Approved for 12+

Lost Outlaw

Set during the Gold Rush, a gold mine is taken from Chinese miners and ultimately used as a hide out by the Red Jack Gang, an outlaw gang on the run. Alliances are questioned when Lucas, a member of the gang, meets a young Christian woman on the road and is forced to choose between the lifestyle he has become accustomed and the woman of his dreams.  However, will the Red Jack Gang decide for Lucas before he gets a chance, or will this Lost Outlaw take his future into his own hands?

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Dove Review

This film harkens back to the classic Westerns of the past and is lovingly dedicated to the writer/director’s father. Darrell Mapson has dedicated the film to the memory of his father, Rev. D.H. Mapson, who passed away in 2019, and who served in the ministry for 50 years. He always said that with God’s help anything was possible, and the completion of this film is proof of that.

The film opens with tension, as a gang of outlaws led by a rough sort, Jack, who is assisted by Quinn, Red and Lucas, and Alfonso, rob a train. Afterward, when Alfonso insists on being paid his cut immediately, the tension mounts until he is told to wait, and he finally agrees. However, the next morning he is missing, and so is the money. But is everything as it appears to be? And when his body is found not long afterwards lying face down in a creek, it becomes obvious that someone else holds the stakes.

Along this film’s journey we meet a widow named Kate (very well played by Lisa Rentuor), and her daughters, Sarah (Heather Marie Peterson) and Sadie (Shannon Sinclear). In fact, some of the best acting in the film is done by these three ladies. Kate is a church-going and God-fearing woman, who owns a lot of property, which stretches as far as a river where some Chinese workers have been mining for gold. Jack’s gang comes along and robs the Chinese workers, and they force them to leave. The gang takes over the mining operation, and they use two men named Ennis and Sal as their stooges, and these two men wind up offering some comedy relief.

As the plot thickens, Lucas shows regret for his shady past, especially after meeting Sarah and attending church with her. One of the nice things about this movie is it shows that anyone can change. The Pastor gives a sermon about Job’s trials and how that God brought him through. In a funny scene, it’s later stated by Lucas that the pastor’s sermon was short but effective. Sarah tells Lucas that the pastor’s sermon was short because of the church picnic, and the food was waiting!  Mom Kate offers up prayers as does retired sheriff Jim Tucker (Jim Tuck) who shows up to pray and eat with the family.

A bounty hunter named Tate and the current sheriff join forces to track down the gang. However, while Mom is away, two of the ruffians go to her home and find Sadie alone. They have learned that Kate owns the property near the river, and they are determined to wait for her to return home, to force her to turn the deed over to them. They force her to play a hand of poker, with one of the crooks playing her hand, so as to win the deed. In a moment of comic relief, Ennis admits to Sal he has a gold tooth, and Sal warns him to keep that knowledge to himself! He doesn’t want the crooks trying to get that gold out of his friend’s mouth. The use of music is well done in the film, including the song Lost Outlaw at the end as the credits roll. The song speaks of God’s love and not riding alone.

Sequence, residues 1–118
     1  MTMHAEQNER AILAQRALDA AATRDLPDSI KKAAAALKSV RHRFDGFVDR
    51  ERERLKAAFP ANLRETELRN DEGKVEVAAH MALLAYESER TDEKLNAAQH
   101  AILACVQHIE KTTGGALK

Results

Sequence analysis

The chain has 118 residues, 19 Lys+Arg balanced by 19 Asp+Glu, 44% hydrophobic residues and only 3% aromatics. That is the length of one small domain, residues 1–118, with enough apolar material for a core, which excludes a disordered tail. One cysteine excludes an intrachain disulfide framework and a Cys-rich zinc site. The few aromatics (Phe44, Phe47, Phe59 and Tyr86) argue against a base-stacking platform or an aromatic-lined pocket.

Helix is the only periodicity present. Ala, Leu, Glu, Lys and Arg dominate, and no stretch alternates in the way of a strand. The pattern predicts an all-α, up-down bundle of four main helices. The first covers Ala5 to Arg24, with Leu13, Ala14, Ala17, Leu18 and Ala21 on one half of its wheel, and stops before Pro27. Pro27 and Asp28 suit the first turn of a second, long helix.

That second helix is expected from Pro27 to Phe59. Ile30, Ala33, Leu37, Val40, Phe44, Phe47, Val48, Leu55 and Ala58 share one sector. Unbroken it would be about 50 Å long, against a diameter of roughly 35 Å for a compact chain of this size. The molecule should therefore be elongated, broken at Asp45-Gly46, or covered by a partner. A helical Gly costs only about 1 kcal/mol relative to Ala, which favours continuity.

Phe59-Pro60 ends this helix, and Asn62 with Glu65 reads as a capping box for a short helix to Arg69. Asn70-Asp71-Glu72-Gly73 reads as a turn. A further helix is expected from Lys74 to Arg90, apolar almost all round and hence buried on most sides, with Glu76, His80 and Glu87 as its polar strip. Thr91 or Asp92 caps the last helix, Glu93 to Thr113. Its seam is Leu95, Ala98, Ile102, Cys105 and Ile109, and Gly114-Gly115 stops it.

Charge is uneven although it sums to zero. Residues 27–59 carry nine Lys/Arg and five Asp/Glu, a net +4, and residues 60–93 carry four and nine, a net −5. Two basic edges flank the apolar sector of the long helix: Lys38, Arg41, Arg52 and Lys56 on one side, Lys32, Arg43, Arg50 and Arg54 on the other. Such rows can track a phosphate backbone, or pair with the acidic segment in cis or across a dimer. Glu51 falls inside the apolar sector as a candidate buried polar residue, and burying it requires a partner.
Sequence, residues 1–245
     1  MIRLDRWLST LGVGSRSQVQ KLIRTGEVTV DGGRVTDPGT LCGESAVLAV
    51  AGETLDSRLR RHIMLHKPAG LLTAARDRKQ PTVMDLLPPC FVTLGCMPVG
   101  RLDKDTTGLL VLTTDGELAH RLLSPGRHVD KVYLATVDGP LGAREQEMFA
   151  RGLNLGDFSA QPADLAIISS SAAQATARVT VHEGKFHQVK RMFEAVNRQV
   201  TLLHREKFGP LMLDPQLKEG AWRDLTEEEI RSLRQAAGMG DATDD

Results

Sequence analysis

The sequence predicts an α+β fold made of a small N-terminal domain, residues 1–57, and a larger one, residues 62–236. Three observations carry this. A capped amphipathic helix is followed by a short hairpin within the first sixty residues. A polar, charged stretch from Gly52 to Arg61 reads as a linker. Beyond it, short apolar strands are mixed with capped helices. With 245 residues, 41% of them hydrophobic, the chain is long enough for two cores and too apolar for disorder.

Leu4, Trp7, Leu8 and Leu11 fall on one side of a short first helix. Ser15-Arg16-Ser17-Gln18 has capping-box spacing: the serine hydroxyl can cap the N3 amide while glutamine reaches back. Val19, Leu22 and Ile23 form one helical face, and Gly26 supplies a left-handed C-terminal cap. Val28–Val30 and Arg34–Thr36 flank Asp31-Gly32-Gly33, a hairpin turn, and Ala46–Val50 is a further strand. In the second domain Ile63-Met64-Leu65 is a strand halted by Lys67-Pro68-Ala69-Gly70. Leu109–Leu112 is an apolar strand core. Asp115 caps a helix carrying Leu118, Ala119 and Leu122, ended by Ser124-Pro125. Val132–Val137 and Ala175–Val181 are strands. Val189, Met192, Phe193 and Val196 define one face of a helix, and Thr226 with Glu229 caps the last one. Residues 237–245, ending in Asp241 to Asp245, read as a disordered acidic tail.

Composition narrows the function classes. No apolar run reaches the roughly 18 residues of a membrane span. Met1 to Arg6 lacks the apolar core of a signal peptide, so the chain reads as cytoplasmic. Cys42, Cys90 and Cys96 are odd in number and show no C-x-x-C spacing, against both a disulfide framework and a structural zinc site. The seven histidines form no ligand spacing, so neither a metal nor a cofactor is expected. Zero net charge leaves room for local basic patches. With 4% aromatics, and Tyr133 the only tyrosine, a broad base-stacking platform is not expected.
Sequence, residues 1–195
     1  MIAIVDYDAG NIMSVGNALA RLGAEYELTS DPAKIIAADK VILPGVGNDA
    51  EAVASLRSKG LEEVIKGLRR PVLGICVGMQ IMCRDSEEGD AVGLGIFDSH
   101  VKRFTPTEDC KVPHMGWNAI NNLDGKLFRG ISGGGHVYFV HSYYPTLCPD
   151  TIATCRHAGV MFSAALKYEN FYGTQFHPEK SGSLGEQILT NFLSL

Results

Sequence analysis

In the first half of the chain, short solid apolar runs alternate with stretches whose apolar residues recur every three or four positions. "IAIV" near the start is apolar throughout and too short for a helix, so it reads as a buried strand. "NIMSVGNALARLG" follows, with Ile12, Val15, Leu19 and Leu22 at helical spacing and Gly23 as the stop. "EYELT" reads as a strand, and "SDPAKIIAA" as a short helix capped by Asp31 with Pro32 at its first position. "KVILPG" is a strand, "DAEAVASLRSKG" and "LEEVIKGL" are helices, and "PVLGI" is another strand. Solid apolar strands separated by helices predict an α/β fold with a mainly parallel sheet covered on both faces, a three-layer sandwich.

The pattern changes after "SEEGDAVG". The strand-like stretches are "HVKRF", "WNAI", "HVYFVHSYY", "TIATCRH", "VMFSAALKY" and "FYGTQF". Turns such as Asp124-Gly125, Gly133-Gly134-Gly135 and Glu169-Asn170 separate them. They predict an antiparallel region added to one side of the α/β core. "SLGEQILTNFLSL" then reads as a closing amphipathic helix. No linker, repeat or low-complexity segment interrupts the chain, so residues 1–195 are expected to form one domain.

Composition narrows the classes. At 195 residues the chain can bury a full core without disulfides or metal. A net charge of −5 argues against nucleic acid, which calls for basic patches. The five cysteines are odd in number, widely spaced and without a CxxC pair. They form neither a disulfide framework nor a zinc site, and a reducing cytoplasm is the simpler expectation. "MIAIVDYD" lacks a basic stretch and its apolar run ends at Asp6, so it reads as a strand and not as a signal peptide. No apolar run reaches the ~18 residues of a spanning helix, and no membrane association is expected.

In another comedic moment, Ennis tells Lucas, “Sal says sometimes I need to get to the point, and I just don’t.” “I know what he means,” replies Lucas. But there are also scenes of danger, such as when the crooks take Kate to the church to complete their evil plans.  In the meantime, Lucas and Sarah obviously have feelings for one another, and Lucas feels moved by what he learns about God and the Bible. Will he truly change and possibly be available to help Kate and her daughters, to protect them from the rest of the gang?

Some gun fights are shown, as well as threats by the gang, but the Bible is promoted and God’s love as well, and so is praying in the movie, which was awesome to see. The movie’s violent scenes are fairly tame, and the film has procured our Dove seal for Ages 12+.

The Dove Take

This Western incorporates the idea of God’s love and divine protection and families with kids 12 and above will enjoy it.

Dove Rating Details


A sermon on the book of Job; church scenes and prayers offered up by pastor and others over the meal; the idea of God changing one’s life is promoted.


A woman talks to an outlaw, encouraging him to turn his life around; a retired sheriff helps out a widow and her daughters; an outlaw changes his ways.


A couple kisses; saloon girls are told to be “real friendly” to the customers and one of them talks to a customer about him giving her money to show him a good time.


“Shut up!” is said by several characters; “Vermin”; “Fools”; “No-good cad”; “Scum.”


Some moments of shooting without blood or graphic scenes; woman is gagged but is all right; a man’s body is seen lying dead in a creek.


Alcohol, including beer and whiskey, is consumed in several scenes, and drinking is mentioned and seen in the saloon.




Various characters are threatened by a gang and forced to listen to them; tension between characters.

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